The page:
3 anticipated because their knowledge of events or individuals is more complete than the character s. Example: In Shakespeare s Othello Othello blames Desdemona for cheating on him. The audience knows that she is faithful and Iago deceives him. Dynamic Character: Undergoes an important change in the course of the play- not changes in circumstances, but changes in some sense within the character in question -- changes in insight or understanding or changes in commitment, or values. The opposite is a static character who remains essentially the same. Exodos: The final scene and exit of the characters and chorus in a classical Greek play. Exposition: The first stage of a fictional or dramatic plot, in which necessary background information is provided (highered.mcgraw-hill.com). (See Appendix 1: Freytag s Pyramid). In most drama the characters have to expose the background to the action indirectly while talking in the most natural way. What any person says must be consistent with his character and what he knows generally. Exposition frequently employs devices such as gestures, glances, asides etc. (See Prologue for explicit exposition). Example: Ibsen's A Doll's House, begins with a conversation between the two central characters. This dialogue gives the audience details (in the most natural way) of what has occurred before the play began, details, of importance to the development of the plot. Falling Action: This is when the events and complications begin to resolve themselves and tension is released. We learn whether the conflict has or been resolved or not. Flashback: An interruption of a play's chronology (timeline) to describe or present an incident that occurred prior to the main time-frame of the play's action. Examples: In Shakespeare s Othello, Othello recalls how he courted Desdemona. Flat Characters: Flat characters in a play are often, but not always, relatively simple minor characters. They tend to be presented though particular and limited traits; hence they become stereotypes. For example, the selfish son, the pure woman, the lazy child, the dumb blonde, etc. These characters do not change in the course of a play. Foil: A secondary character whose situation often parallels that of the main character while his behavior or response or character contrasts with that of the main character, throwing light on that particular character s specific temperament. Examples: In Hamlet, Laertes, father is murdered. His situation parallels Hamlet s situation but his response is very different. In Othello, Emilia and Bianca are foils for Desdemona. Foreshadowing: Anton Chekhov best explained the term in a letter in 1889: "One must not put a loaded rifle on the stage if no one is thinking of firing it." Chekhov's gun, or foreshadowing is a literary technique that introduces an apparently irrelevant element is introduced early in the story; its significance becomes clear later in the play. (Taken from and adapted: Wikipedia on Chekhov) Examples: At the beginning of the Ibsen's A Doll's House, the protagonist Nora goes against the wishes of her husband in a very minor way. This action foreshadows her later significant rebellion and total rejection of her husband. In Synge's Riders to the Sea the mother s vision of her recently drowned son foreshadows the death of her remaining son. Fourth Wall: The imaginary wall that separates the spectator/audience from the action taking place on stage. In a traditional theatre setting (as opposed to a theatre in the round) this 3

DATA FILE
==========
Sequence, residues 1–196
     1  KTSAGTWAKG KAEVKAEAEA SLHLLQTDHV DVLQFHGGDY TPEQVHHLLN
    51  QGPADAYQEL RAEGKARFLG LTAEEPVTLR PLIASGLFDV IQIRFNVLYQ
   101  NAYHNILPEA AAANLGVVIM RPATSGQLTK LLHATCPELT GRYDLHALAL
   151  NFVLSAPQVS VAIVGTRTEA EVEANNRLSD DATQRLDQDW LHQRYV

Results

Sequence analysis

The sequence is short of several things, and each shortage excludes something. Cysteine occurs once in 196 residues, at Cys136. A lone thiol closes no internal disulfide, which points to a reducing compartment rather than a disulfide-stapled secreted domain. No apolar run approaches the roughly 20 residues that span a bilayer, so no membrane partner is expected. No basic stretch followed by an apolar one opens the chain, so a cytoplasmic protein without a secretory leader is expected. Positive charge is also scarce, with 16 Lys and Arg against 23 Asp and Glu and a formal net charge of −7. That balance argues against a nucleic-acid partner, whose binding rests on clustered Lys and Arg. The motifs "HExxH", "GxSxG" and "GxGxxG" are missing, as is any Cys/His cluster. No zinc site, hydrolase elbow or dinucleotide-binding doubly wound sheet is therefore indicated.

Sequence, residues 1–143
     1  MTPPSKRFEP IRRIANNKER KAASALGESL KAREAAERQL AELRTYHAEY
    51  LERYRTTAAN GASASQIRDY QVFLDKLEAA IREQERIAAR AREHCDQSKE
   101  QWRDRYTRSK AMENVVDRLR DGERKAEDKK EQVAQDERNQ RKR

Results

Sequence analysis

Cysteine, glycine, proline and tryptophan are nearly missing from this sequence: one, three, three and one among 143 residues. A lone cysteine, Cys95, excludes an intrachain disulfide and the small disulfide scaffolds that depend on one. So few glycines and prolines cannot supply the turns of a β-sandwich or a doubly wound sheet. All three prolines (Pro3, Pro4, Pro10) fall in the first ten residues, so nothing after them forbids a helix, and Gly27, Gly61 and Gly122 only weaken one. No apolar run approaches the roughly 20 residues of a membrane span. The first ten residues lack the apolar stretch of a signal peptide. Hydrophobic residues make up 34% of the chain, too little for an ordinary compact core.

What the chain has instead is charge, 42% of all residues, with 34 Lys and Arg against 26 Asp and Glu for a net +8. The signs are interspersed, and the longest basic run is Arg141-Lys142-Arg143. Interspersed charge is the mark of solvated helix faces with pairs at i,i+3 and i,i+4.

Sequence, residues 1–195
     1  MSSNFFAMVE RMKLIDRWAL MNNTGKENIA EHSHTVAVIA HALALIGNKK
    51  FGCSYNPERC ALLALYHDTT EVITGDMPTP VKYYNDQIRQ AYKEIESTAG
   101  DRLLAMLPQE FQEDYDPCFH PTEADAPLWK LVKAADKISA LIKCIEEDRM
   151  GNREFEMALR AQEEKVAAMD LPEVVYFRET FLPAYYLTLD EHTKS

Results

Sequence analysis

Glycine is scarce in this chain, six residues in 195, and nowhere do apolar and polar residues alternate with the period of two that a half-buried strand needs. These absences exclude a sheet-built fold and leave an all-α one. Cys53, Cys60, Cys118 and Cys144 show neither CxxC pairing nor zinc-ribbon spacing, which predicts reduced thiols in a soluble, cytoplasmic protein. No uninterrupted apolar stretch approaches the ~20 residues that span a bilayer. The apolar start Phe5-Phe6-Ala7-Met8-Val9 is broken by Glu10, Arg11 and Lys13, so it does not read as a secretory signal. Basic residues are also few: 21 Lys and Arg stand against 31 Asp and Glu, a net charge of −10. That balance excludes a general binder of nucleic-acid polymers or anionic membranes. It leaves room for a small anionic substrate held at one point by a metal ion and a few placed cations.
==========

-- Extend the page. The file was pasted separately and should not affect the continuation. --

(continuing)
4 imaginary wall has been removed so that the spectator can peep into the fictional world and see what is going on. If the audience is addressed directly, this is referred to as breaking the fourth wall. Gesture: The physical movement of a character during a play. Gesture is used to reveal character, and may include facial expressions as well as movements of other parts of an actor's body. Example: Most modern playwrights explicitly mention both bodily and facial gestures, providing detailed instructions in the play's stage directions. Hubris: The Greek term hubris is difficult to translate directly into English. This negative term implies both arrogant, excessive self-pride or self-confidence, and a lack of some important perception or insight due to pride in one's abilities. This overwhelming pride inevitably leads to a downfall. (Taken from Example: In Sophocles Oedipus, Oedipus refusal to listen to anyone illustrates hubris. He believes he knows best even better than the prophet Tiresias and his refusal to listen leads to his downfall. In medias res: "In the midst of things" (Latin); refers to opening a plot in the middle of the action, and then filling in past details by means of exposition or flashback. Inciting Incident: The first incident leading to the rising action of the play. Sometimes the inciting incident is an event that occurred somewhere in the character s past and is revealed to the audience through exposition. Irony: In general, a term with a range of meanings, all of them involving some sort of discrepancy or incongruity between what is expected or understood and what actually happens or is meant. Irony is used to suggest the difference between appearance and reality, between expectation and fulfillment, and thus, the complexity of experience. A. Verbal irony: the opposite is said from what is intended. It should not be confused with sarcasm which is simply language designed to wound or offend. Verbal irony, also called rhetorical irony, is sometimes viewed as a figure of speech, since it is a rhetorical device that involves saying one thing but meaning the opposite. Verbal irony is the most common kind of irony and is characterized by a discrepancy between what a speaker (or writer) says and what he or she believes to be true. More specifically, a speaker or writer using verbal irony will say the opposite of what he or she actually means. B. Dramatic irony: the contrast between what a character believes and/or says and what the audience knows to be true. Dramatic irony (sometimes referred to as tragic irony when it occurs in a tragedy) may be used to refer to a situation in which the character s own words come back to haunt him or her. However, it usually involves a discrepancy between a character s perception and what audience (or reader) knows to be true. They reader possess some material information that the character lacks, and it is the character s imperfect information that motivates or explains his or her discordant response. C. Irony of situation :discrepancy between appearance and reality, or between expectation and fulfillment, or between what is and what would seem appropriate. This includes both dramatic & cosmic irony. 4